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Summary of CMAR white shark tagging in Australian waters
CSIRO's insight into the movements of white sharks in Australian waters draws on data gathered by CMAR scientists from conventional, acoustic, archival, satellite and PAT tags since 1990 and from a gamefish tagging program that tagged white sharks from 1974 until they were protected in 1996.
* Tags did not transmit
A total of 480 white sharks have been tagged in Australian waters with conventional tags from January 1974 to November 2006, most in South Australian waters at the Neptune Islands and Dangerous Reef. Twelve have been recaptured over the same period.
Distances (minimum travelled) and periods between tagging and recapture ranged from 2-3800 km and 0-2200 days. Four sharks were recaptured further than 500 km from their point of tagging. Two of these were more than 3500 km away, including one female shark tagged at the Neptune Islands that was caught by a professional shark fisher in New Zealand.
Thirteen white sharks have been tagged with archival tags since August 1999. A 3 m female shark fitted with an archival tag at North Neptune Island, SA, on 21 August 1999 was captured on 2 November 1999 in the northern section of the Great Australian Bight, SA, some 600 km from where it was tagged. The tag was retrieved and yielded date, time, depth, water temperature and light levels every four minutes.
Eleven white sharks have been tagged with satellite tags since March 2000. CMAR scientists were the first in the world to use this technology on white sharks.
In March 2000 and 2001, two juvenile white sharks, a 1.8 m female named 'Heather' and a 2.4 m male named 'Neale', were captured near Corner Inlet off Victoria, and satellite tags were fitted to their dorsal fin.
For the first few weeks, Heather swam back and forth along a 75-100 km stretch of the Victorian coast centred on the region where it was tagged. She then swam north-east along the coast to Montague Island, NSW, until her signal was lost on 15 April. During the 49-day track, she covered some 880 km, transmitting 5-10 km from the coast, then moving to 20-30 km from the coast between Cape Howe and Bermagui.
For the first few weeks the male shark, Neale, also swam back and forth along a 75-100 km stretch of the Victorian coast centred on the region where it was tagged. On 19 April, he left the area, initially heading north-east on a similar track to the first shark, before turning offshore then heading south across Bass Strait. He travelled down the east coast of Tasmania to Bicheno then returned to Bass Strait and Corner Inlet before following an almost identical track to Heather along the coast to NSW.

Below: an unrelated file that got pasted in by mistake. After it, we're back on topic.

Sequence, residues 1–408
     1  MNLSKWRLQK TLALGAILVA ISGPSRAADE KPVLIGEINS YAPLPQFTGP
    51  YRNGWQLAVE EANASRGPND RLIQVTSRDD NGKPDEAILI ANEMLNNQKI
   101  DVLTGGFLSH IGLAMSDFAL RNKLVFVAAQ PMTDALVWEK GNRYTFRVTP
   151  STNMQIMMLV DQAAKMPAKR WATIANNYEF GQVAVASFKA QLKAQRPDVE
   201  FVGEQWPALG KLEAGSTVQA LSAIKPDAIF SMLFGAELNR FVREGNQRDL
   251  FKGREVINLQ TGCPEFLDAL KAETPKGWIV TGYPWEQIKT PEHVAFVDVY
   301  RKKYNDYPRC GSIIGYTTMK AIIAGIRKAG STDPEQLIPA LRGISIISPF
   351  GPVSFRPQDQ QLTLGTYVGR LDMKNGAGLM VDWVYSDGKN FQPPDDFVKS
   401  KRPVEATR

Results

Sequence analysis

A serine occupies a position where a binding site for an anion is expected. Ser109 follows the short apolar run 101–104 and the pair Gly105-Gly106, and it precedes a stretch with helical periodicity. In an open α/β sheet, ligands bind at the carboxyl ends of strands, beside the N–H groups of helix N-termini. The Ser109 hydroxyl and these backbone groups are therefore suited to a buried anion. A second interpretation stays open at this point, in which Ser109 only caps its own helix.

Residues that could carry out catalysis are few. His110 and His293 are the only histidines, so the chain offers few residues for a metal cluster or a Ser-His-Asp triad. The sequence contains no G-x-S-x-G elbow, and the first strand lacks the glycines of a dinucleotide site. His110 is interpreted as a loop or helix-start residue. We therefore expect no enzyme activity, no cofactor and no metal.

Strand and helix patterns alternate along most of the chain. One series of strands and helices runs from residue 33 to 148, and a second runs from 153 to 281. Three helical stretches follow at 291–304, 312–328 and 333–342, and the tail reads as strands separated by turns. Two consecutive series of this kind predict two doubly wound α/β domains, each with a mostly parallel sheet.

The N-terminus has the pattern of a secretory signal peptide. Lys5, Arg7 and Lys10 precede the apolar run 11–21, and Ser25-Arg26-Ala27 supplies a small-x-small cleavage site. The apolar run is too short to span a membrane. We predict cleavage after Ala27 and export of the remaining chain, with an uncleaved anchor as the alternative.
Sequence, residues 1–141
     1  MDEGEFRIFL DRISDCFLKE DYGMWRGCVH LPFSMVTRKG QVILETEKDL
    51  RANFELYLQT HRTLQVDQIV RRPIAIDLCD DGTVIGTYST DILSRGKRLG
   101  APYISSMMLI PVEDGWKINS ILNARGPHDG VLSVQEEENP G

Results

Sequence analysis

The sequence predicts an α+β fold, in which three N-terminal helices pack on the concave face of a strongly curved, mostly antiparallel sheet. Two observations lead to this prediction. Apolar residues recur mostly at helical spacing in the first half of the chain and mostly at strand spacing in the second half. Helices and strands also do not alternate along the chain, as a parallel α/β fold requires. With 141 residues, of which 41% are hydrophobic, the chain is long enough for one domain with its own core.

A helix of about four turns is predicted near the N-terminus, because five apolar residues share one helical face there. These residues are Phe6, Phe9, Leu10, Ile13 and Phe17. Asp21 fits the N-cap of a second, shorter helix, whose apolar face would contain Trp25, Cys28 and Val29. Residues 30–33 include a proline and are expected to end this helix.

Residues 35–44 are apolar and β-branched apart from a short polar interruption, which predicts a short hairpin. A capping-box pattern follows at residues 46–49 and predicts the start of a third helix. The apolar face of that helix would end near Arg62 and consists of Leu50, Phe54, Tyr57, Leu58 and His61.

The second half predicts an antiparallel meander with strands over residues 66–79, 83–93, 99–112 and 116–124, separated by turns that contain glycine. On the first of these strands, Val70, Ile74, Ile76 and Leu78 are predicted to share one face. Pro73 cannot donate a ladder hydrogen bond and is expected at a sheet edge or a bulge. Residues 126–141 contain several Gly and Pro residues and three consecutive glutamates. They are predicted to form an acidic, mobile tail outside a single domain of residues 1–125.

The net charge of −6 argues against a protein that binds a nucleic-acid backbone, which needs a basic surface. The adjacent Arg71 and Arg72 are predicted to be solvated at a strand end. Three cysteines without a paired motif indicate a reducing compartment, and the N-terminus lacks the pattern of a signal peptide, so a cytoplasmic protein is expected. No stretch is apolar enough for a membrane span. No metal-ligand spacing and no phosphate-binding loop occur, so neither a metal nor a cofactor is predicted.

Neale maintained his swimming path along the coast until the last position close to the Solitary Islands near Coffs Harbour on 23 June. He covered 2946 km during the 129-day track.
Not all of the satellite tags have worked successfully. Two tags fitted to white sharks in Western Australia in October 2003 failed to transmit. Tags are delicate electronic instruments and sometimes fail. This is one of the challenges facing scientists developing this technology.
The longest continuous satellite track of a white shark to date is for a 3.6 male nicknamed 'Bruce'. Bruce was tagged at North Neptune Island in March 2004 by CMAR scientists with help from staff of the Melbourne Aquarium. Bruce remained around the Neptunes for several days before heading rapidly east through Bass Strait, then north along the NSW and southern Queensland coasts. He spent most of the winter in offshore waters east of Rockhampton. In late October, Bruce returned south and last transmitted from eastern Bass Strait in early November. Bruce covered a distance in excess of 6000 km during this eight month period.
Pat tags have been attached to seven white sharks in Australian waters (five by CMAR scientists, two by other scientists). Data from three PAT tags deployed in Western Australia have shown a seasonal movement north along the Western Australian coast in spring and a return south in summer. These tags have also recorded dives by the sharks to nearly 600 m and movements offshore of several hundred kilometres.
For more information on tag types and technology, see tag types.